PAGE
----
Our thoughts are with you in the library community as you deal with your losses.
The explosions that followed a train derailment in Quebec destroyed Lac-Mégantic’s library which house precious archival documents.
It was the result of nearly five years of negotiations and countless grant applications. Everything was in place, and Roy was pleased. But then on Saturday, a train carrying crude oil derailed downtown, causing massive explosions that obliterated many buildings, including the library.
On that day, Lac-Mégantic’s history literally went up in smoke.
Roy first found out about the explosion early Saturday morning when her 85-year-old mother was among the evacuees moved uptown. Her mother lived near the library.
“As soon as she called me to say what happened, I remember thinking ‘My God, the library’s gone.’“
Roy said the loss of the library is of course not at all comparable to the death of a loved one, but a devastating loss to Lac-Mégantic nonetheless.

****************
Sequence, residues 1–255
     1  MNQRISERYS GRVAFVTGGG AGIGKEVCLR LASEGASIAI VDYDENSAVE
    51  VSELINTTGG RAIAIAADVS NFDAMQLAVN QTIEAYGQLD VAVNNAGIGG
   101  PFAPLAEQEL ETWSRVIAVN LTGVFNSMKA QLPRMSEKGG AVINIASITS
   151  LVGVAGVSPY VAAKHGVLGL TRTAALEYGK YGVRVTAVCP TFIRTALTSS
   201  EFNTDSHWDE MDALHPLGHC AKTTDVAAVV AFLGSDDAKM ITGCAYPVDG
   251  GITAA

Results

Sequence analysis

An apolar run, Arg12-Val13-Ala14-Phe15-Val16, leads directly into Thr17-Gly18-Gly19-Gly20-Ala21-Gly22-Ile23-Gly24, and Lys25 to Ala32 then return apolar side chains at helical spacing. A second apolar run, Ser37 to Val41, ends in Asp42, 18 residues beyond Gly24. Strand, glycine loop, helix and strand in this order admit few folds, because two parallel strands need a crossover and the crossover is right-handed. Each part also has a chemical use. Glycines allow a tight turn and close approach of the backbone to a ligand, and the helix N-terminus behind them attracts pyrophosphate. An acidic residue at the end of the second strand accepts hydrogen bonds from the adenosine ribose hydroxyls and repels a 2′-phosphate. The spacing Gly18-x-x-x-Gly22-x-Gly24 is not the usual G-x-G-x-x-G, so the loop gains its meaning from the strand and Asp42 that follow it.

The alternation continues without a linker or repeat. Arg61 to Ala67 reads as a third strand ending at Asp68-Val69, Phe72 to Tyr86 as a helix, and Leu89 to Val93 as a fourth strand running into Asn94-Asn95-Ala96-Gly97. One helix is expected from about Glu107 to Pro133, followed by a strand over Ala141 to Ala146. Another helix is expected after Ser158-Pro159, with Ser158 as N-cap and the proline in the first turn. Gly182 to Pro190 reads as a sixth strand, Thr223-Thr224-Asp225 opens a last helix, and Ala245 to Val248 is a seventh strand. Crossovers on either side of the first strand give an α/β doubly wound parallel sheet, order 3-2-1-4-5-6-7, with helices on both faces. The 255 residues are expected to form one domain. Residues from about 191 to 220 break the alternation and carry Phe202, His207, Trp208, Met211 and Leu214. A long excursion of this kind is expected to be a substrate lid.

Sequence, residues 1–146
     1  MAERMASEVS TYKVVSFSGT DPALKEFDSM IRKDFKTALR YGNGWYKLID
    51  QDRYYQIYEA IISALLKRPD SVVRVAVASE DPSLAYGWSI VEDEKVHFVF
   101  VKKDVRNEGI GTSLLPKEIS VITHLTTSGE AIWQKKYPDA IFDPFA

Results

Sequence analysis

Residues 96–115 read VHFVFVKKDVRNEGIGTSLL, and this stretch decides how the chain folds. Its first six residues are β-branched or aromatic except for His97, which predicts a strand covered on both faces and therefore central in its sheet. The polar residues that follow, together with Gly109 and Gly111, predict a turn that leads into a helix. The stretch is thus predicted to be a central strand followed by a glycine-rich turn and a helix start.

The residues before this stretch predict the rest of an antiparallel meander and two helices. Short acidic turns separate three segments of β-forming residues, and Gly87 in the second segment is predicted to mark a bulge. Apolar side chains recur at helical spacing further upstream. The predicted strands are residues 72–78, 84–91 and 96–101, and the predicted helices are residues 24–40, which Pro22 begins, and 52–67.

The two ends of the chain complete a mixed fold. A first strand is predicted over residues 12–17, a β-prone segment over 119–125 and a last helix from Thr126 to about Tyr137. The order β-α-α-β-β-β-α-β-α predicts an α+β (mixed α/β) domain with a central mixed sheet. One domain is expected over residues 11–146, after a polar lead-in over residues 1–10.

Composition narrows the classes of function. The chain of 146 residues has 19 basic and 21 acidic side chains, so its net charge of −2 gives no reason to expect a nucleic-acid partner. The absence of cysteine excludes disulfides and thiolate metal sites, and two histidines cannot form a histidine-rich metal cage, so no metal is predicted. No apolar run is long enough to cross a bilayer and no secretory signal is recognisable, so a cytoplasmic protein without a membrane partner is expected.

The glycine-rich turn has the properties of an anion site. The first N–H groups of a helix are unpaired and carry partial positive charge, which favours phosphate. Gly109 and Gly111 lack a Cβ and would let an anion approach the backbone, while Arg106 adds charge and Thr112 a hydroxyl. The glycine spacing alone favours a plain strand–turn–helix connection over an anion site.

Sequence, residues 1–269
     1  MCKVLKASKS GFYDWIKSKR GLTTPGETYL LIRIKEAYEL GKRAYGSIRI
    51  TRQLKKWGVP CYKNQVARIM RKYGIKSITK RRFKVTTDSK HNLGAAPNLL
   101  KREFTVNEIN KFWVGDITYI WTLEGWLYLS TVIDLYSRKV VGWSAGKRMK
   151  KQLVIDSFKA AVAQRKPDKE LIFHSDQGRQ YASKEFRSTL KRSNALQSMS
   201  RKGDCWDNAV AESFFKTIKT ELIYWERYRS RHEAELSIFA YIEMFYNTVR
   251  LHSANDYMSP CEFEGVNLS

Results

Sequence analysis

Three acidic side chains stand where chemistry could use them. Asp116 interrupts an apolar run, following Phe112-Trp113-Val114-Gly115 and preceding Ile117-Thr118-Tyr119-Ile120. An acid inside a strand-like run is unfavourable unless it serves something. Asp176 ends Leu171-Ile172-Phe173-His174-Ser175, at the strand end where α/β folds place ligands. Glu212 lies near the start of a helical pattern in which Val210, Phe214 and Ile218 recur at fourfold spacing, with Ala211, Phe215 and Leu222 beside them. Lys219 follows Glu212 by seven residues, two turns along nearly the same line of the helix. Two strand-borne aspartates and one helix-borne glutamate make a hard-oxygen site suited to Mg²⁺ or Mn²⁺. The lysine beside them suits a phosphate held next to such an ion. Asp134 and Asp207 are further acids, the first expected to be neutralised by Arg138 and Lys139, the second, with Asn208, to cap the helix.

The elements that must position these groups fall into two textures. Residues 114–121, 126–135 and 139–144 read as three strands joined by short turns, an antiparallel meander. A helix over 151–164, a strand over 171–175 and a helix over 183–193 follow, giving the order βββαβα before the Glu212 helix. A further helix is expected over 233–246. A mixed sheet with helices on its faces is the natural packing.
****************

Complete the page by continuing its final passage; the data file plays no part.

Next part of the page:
She was involved in getting the town its very first library, which opened on Frontenac St. downtown in 1991, after lobbying the municipal government for more than two years.
“It was only supposed to be a temporary location, and we ended up staying there for 22 years,” she said, laughing.
In the late ‘90s, the library began a major campaign to collect archival records from residents, believing that the documents should remain in Lac-Mégantic, and not carted off to a storage facility in the nearby city of Sherbrooke.
“Everyone was always very eager to help out because so many people wanted a library here,” said Roy, who mentioned the library had three employees and 45 volunteers.
Roy said she no longer believes the library will be able to open at the new location on time in November, “unless the community really comes together to help out, which is very possible.”
The books should be covered by the insurance, said Roy, but nothing will bring back the archives.
“We lost a huge part of our history, what helped people here better understand their own community,” she said. “It’s nothing short of tragic.”